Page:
Engineer of Philippines’s first microsatellite quits
Rainier Allan Ronda (The Philippine Star) - April 5, 2016 - 10:00am

MANILA, Philippines – At least one of the engineers who worked on the first Filipino-designed and assembled microsatellite has resigned from the Department of Science and Technology’s Philippine Microsatellite program.

Julian Marvick Fua Oliveros, 23, a UP Diliman Electronics and Communications Engineering (ECE) magna cum laude graduate, told The STAR that he had submitted last Sunday his letter of resignation from the program to Joseph Joel Marciano, DOST PHL Microsat Project leader; Carlos Primo David, DOST Philippine Council for Industry, Energy and Emerging Technology Research and Development (PCIEERD); and UP Diliman Chancellor Michael Tan.

Oliveros declined to give his reasons for resigning, but had disclosed these in his letter of resignation. He declined to elaborate.

Oliveros shared that some of his fellow engineers in the program are also thinking of resigning. 

“Others are thinking of it but I won’t disclose who,” Oliveros said.

He said he was setting up a startup venture for an efficient POS (point-of-sale) system for laundry shop chains when he was drafted into the microsatellite building program last year.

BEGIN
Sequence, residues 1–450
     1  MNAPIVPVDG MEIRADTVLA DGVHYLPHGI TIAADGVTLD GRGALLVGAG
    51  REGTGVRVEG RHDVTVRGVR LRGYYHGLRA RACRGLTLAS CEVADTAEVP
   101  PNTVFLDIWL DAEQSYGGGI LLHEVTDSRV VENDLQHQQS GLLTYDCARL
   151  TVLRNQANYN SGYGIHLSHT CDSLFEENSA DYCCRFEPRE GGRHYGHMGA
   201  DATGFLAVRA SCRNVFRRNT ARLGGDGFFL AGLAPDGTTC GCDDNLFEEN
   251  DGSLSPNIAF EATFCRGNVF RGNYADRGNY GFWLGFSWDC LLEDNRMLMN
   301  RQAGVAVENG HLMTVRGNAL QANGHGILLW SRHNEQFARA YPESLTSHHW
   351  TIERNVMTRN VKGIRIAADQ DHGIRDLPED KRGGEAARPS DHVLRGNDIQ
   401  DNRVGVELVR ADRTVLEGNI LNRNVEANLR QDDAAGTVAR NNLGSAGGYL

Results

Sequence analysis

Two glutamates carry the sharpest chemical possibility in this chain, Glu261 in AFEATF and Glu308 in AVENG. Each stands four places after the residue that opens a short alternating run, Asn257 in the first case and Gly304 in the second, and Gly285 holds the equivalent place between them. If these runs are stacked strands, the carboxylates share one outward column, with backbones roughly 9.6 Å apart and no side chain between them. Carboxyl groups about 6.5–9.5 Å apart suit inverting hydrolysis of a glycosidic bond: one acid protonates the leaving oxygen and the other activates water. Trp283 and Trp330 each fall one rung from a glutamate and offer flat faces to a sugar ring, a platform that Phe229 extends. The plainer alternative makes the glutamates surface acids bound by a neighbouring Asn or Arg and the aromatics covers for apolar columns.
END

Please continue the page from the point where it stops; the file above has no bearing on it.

This developed as the DOST issued an official response to the Facebook post of engineer Juan Paolo Espiritu posted last April 1. Espiritu denounced the department’s treatment of the young Filipino engineers it had tapped for the program.

In the statement, the DOST stressed that they recognized that their PHL Microsat program was a human-resource capacity building program that seeks to capacitate Filipino engineers on satellite technology.

The DOST said that after officials read the Facebook post of Espiritu, a meeting was called with Espiritu and two other unidentified co-members on the program.

“The DOST finds nothing derogatory with the term ‘student.’ As scholars, the Diwata-1 engineers receive stipends 35 percent higher than what a Mombusho Scholarship provides. On top of that, they also get additional compensation for their work in the development of the microsatellite,” the DOST said.

The DOSt also addressed the claim of Espiritu on the alleged frequent trips of DOST officials to Japan to check on the project, even the consumption of “fancy dinners.”

The statement added that the only fancy dinner that the DOST officials had recently consumed on a recent trip to Japan last January was one that was hosted and paid for by the two universities giving technical support and expertise to the DOST: Tohoku University and Hokkaido University.

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